The Economy

by David Bruzina

I couldn’t tell if the guy was Japanese or something else. Chinese maybe. We were below the dam on Strom Thurmond Lake. I had the legal max two hooks in the water baited with cut bait. It was hotter than monkey piss, and this guy had snuck up.

There I am fishing off the dock and waiting for the hydropower gates to open and the water to churn into white peaks and rapids and the thirty pound stripers and 80lb hybrid catfish to surge beneath the pier legs. This guy comes up with less English than anyone in this xenophobic region of nowheres has any right to have. He’s dressed in beige and communist sunglasses, and he veers discourteously towards my fishbucket to notice I’ve caught nothing but bait so far.

And then he wants to ask questions in oriental.

I’m being friendly and speaking slow. I explain I’ve only been to this spot twice and have yet to solve it and consistently pull in the big muscular pig-sized fish that I want. He’s tapping his smart phone and shows me a photo of glare on the tiny screen—The fuck?

And then I see: it’s two leg-length eels stretched on a weedy bank. And this guy’s gesturing downstream: best I understand he caught those eels ten kilometers that way. Cool, I tell him, You eat ’em?

I’ve had catfish and carp fixed Chinese style by an old coach —shit tons of garlic and leeks and red Szechuan pepper in the sauce. But I don’t know if this guy is eating them or not. If he’s bragging or asking or complaining. I reel in one line to show him my cut bait, but we’re not getting through. It’s frustrating. We share a noble purpose, the taking of fish by hook and line, which practice, cruel and mindless as it might seem in the abstract, binds human beings and fuses the chemical brain to the symbolic fabric on which we’re every one of us pills.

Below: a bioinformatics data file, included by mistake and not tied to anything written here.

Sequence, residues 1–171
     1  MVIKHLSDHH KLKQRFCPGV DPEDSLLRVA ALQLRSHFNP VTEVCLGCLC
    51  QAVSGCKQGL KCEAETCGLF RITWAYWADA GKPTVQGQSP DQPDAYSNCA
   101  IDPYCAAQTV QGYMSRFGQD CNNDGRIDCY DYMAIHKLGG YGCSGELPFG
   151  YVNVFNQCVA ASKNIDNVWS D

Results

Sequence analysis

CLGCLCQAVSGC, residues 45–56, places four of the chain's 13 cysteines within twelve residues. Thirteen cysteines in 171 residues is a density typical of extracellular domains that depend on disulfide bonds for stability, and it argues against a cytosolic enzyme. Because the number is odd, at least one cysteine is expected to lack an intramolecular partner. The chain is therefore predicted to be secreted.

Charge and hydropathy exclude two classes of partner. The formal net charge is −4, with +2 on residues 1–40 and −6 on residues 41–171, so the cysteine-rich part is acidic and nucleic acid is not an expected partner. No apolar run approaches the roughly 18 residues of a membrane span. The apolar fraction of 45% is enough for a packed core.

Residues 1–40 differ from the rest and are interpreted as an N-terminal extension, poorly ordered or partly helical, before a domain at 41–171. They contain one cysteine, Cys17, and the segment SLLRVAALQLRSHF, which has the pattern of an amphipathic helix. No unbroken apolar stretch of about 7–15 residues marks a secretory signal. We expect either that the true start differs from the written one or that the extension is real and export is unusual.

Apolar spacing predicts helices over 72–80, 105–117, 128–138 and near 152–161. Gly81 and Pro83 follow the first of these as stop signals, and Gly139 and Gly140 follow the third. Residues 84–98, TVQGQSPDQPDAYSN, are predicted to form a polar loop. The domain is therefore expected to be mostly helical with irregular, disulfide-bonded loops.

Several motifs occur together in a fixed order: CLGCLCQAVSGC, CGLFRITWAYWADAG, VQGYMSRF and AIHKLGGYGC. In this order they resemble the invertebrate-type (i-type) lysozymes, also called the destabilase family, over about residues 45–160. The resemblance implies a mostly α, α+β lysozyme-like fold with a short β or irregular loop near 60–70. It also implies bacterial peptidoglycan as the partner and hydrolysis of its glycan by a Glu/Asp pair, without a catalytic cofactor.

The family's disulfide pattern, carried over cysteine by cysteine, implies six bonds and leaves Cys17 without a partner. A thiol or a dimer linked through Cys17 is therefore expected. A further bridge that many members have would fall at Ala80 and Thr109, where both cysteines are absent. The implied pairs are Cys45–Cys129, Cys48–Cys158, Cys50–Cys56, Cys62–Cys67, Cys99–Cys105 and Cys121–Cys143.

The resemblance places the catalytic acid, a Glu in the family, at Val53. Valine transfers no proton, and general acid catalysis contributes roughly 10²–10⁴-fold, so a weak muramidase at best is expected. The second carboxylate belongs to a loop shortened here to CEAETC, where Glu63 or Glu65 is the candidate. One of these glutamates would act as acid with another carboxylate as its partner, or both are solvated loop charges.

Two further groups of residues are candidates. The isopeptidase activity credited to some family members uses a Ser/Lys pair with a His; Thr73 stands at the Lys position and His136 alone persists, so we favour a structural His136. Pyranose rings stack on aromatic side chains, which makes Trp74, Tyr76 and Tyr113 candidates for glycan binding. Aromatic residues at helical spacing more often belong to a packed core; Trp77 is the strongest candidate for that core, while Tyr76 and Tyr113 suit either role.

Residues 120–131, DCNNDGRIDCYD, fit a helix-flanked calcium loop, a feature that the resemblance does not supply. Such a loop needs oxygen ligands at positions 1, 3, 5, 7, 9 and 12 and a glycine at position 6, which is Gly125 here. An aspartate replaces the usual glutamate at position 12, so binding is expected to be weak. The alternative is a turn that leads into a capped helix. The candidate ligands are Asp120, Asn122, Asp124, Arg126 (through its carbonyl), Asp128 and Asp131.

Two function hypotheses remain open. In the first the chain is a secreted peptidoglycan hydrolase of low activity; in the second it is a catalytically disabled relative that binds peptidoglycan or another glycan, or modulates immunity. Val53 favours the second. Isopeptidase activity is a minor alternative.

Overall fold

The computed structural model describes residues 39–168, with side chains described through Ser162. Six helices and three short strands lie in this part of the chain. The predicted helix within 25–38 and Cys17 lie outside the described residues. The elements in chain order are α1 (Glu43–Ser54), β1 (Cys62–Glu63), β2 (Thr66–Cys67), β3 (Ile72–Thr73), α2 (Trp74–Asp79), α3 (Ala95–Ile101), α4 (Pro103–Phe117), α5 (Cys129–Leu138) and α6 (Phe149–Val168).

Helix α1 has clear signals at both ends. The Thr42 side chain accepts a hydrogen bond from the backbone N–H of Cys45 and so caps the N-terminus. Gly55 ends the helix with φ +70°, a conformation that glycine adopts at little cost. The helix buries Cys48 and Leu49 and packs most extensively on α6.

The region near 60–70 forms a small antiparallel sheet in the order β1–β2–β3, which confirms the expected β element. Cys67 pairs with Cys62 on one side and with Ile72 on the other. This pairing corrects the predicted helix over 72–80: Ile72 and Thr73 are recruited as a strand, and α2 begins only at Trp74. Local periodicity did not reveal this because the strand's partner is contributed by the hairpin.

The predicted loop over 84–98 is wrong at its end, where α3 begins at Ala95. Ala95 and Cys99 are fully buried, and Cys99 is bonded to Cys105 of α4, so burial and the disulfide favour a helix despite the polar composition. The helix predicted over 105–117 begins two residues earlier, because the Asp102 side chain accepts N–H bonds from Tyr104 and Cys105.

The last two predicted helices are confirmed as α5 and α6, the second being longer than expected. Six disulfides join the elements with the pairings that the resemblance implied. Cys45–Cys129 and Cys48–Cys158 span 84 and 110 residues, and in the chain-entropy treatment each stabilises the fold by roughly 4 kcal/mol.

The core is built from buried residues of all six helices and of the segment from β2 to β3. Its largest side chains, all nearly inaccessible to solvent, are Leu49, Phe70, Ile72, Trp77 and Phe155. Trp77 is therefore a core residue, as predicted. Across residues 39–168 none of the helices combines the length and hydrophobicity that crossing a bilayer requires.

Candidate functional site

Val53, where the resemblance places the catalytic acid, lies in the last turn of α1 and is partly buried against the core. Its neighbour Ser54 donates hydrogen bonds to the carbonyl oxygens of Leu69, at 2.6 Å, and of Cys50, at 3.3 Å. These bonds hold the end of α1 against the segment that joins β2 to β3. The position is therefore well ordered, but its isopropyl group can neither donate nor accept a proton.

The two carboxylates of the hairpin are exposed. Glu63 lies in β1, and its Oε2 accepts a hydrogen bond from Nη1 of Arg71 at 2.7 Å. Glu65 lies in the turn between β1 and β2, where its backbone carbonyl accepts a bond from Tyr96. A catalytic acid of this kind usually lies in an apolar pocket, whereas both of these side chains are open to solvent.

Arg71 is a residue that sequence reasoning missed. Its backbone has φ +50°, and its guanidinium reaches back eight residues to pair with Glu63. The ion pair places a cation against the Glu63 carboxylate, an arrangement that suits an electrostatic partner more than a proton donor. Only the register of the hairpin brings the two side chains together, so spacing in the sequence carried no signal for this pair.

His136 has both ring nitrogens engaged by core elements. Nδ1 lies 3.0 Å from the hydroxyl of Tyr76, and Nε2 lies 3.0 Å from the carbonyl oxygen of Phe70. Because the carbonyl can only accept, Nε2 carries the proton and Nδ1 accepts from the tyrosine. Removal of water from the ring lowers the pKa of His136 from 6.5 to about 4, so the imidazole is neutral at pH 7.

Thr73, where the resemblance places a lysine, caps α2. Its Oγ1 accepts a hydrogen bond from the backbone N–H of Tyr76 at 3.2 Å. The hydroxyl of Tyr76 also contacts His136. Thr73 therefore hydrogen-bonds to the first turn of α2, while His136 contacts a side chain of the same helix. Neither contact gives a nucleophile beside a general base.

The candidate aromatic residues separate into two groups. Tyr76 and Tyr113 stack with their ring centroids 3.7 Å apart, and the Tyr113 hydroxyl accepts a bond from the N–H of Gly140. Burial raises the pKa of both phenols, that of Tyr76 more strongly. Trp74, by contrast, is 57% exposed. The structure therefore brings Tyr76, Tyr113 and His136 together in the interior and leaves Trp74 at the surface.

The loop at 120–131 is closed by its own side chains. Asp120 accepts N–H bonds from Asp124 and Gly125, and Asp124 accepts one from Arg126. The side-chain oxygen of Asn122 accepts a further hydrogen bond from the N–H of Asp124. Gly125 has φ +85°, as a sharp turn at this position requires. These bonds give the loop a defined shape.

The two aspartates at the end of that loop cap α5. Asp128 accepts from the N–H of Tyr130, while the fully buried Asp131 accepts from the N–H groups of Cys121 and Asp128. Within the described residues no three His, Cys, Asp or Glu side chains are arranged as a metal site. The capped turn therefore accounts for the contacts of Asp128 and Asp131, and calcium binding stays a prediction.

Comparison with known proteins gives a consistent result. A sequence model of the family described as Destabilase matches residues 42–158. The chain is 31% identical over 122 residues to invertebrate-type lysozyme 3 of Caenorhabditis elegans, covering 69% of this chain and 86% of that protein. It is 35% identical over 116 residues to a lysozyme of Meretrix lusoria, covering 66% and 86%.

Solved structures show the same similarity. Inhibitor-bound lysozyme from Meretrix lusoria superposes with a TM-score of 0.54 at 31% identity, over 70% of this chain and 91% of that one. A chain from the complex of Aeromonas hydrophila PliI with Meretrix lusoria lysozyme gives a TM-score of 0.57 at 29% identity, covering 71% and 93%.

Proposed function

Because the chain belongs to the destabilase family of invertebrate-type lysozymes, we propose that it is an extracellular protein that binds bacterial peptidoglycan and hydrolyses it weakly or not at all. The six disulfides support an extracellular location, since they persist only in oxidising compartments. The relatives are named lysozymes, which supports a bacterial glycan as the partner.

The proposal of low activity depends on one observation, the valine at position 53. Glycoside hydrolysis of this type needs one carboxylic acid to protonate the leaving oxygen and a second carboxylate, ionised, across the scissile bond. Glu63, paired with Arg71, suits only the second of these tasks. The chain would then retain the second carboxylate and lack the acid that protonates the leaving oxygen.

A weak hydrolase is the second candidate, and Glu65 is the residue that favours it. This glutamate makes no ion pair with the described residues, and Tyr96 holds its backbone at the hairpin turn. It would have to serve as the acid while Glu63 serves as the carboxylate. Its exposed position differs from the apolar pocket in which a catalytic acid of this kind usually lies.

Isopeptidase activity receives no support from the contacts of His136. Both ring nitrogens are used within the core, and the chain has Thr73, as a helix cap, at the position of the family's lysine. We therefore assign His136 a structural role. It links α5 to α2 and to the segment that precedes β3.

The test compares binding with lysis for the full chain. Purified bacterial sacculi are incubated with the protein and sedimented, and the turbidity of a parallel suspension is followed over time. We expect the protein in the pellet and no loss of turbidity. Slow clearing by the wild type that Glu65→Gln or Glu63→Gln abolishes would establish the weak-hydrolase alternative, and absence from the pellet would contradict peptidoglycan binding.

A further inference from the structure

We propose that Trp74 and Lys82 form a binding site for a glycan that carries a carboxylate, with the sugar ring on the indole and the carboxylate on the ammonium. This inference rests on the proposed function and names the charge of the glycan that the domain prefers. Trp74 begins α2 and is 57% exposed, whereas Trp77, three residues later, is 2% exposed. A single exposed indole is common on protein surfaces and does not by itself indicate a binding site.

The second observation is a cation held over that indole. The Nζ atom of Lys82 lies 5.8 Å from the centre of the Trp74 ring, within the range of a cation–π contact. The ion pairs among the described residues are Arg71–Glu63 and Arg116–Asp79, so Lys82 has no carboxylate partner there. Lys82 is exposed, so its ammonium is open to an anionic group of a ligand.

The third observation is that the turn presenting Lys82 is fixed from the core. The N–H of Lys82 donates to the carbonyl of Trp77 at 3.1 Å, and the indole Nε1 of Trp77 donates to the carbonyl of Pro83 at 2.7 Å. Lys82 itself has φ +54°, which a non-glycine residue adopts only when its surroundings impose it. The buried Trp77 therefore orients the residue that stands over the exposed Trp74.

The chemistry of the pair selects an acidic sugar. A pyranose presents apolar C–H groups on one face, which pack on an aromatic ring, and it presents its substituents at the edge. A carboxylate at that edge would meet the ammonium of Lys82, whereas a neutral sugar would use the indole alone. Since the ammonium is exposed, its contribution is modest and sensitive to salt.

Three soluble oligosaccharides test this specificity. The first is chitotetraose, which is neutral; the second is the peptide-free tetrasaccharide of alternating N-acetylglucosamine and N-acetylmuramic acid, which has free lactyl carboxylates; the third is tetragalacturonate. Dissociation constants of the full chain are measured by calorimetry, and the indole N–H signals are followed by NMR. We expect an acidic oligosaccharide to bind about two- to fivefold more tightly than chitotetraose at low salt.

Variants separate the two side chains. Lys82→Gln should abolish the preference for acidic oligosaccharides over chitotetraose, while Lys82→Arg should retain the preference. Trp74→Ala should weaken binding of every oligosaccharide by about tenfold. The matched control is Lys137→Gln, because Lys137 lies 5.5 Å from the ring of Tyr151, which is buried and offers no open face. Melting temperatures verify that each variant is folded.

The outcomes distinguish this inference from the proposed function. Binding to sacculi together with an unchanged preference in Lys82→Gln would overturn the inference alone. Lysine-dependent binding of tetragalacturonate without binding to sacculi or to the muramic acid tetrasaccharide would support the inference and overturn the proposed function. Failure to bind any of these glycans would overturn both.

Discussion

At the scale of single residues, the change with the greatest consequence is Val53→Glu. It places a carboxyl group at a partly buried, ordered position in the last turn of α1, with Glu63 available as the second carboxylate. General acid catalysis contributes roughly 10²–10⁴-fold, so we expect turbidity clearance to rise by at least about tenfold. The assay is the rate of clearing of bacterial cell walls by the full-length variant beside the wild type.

I recast my half bream and watch the line taut and slack as the bait drifts and hits bottom. I set the bail arm, reel in some slack and set the rod in its holder.

This guy is gone. I see him in the parking lot cranking a PT Cruiser in light blue.

There are universities an hour south of us. Atlanta is three hours that way. The local nuclear power plant could be hosting a foreign engineer. Two hours east, there’s a Bridgestone tire factory, aren’t they Japanese? This guy would be management, dress and manner, the way he walks, but this is boatless damdock fishing. There are better lakes and spots—ten thousand better fishing locations. This is bottom rung. It’s hot and slow. Discarded gar rot on the bank. The heat sounds like flies.

I can’t figure an easy story explaining why he’s around here trying to fish.

I wonder about his lovelife.

Or if his wife came from wherever with him and is stranded in some sandy and pine-shaded outpost here in god’s country flowing with vines and runnels and leaves—what’s her lovelife like?

What hobbies does she likely have in this lonely day of our lord?

DAVID BRUZINA currently teaches reading, writing and rhetoric in the English Department of the University of South Carolina Aiken. He enjoys cooking, fishing, hunting, arguing, and goofing around with dogs.